For some of you this has been a double whammy with the armyworms and grubworms.  The good news is that they can be controlled.  Continue to monitor your turf and treat when you find these pests!

grub worms.jpg


GARDENING BY THE MOON: Fall Landscape Activities

October is a good month for working on your landscape.  The weather is cooler and more inviting to do some needed annual chores without suffering a heat stroke!. 


Now is the time to add mulch to your shrub beds and tree wells to help control weeds and conserve moisture for your plants during the winter cold, dehydrating winds.  There are many different kinds of mulch and I know everyone has a preference.  My preference is the brown dyed mulch.  It holds up very well in the landscape and it keeps color longer for a fresher appearance.  In bare bed areas, add 2 inches of mulch and in areas where you already have mulch, add no more than 1 inch.  Treat with a pre-emergent weed control after mulching to help prevent weeds in the spring.  You can apply Preem, Pendimethalin, or Halts.  Apply as per label and remember, you cannot grow seeded plants in the areas where a pre-emergent has been applied. 

Removing Dead Wood from Trees and Shrubs

Before leaf drop, remove all dead wood from your trees and shrubs.  Use a razor saw for large branch removal.  If branches are higher in the tree, use a pole pruner.   Hand pruners can be used for small branch removal.  Make all cutes even or at the shoulder of the branch.  Absolutely do not leave stubs when removing branches.  Also do not tear the bark when pruning.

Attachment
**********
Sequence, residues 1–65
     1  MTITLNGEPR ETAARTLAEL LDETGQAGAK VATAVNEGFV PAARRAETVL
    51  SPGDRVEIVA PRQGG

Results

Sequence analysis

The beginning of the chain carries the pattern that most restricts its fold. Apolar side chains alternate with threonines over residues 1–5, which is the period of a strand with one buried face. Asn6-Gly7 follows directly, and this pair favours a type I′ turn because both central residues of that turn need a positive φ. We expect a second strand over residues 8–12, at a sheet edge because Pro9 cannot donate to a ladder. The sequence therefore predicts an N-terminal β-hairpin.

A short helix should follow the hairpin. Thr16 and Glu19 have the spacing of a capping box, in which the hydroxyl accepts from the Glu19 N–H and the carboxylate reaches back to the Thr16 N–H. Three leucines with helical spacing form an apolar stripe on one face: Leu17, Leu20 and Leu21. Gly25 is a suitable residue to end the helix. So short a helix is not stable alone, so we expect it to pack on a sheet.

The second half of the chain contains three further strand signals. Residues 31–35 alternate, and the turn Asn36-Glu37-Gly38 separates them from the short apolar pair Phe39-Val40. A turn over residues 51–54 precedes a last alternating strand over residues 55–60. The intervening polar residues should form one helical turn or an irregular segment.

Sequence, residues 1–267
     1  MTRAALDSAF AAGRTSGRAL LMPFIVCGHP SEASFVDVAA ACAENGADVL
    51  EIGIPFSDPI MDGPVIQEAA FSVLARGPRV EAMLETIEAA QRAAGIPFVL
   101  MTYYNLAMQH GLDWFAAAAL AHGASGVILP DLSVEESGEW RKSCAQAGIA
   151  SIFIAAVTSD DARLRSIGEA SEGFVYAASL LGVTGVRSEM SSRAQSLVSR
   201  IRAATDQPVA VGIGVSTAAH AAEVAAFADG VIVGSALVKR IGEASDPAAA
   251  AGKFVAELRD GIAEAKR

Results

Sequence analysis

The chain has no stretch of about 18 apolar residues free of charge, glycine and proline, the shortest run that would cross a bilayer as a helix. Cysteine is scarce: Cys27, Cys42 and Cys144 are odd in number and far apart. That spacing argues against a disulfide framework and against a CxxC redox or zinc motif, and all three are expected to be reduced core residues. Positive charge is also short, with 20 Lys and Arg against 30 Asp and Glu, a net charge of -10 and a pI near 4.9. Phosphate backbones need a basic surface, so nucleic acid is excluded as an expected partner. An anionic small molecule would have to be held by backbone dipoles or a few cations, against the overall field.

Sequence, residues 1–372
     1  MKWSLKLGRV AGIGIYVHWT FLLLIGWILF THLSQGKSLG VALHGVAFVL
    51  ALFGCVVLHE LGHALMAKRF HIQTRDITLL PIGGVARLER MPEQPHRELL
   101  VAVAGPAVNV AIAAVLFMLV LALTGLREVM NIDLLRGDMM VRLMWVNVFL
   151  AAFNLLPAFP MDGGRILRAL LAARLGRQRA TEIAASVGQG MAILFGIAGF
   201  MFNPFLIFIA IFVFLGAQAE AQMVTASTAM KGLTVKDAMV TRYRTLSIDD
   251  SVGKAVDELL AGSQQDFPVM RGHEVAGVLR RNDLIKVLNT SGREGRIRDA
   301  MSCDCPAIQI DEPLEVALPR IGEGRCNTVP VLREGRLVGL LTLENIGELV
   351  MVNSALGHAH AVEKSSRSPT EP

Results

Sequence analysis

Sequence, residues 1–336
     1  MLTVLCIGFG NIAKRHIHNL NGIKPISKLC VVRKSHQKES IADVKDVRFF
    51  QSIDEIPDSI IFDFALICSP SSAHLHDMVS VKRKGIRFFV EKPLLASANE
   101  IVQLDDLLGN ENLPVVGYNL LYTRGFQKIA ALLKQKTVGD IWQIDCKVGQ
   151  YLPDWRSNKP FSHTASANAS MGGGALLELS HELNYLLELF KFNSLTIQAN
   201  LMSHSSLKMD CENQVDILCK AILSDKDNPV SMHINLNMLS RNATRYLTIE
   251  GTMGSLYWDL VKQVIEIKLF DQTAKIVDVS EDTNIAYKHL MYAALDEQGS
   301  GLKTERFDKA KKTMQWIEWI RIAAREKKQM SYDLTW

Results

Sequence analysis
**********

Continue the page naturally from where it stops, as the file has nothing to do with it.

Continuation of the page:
dr moon october.jpg

Tree Fertilization

Fertilize trees with a granular fertilizer.  Apply ¼ to ½ pound of fertilizer per inch trunk diameter.  Spread the fertilizer evening from trunk of tree to 3 feet past the drip line of the tree.  Water fertilizer in after applying.

Tech Talks with Brazoria County Sheriff's Department

Last weekend Brazoria County Sheriff's Department came to our community and discussed how to be aware of new technology apps that might have "hidden" agendas.  Click on the button below to see the full presentation.  Should you have any questions, you are welcome to contact Investigator Kent Nielsen at


In your lawn and beds, you may be thinking that because we are heading into fall, pesky
weeds will not be a problem. This is a big mistake! Weeds that are a problem in the spring
and early summer, are still in the soil in the fall just waiting to germinate again this fall and
start growing vigorously in the spring. Dandelion and henbit are two of the biggest culprits.

The best way to prevent these weeds next year is to apply a pre-emergent weed control
between September 15 and October 15 in your turf and bed areas.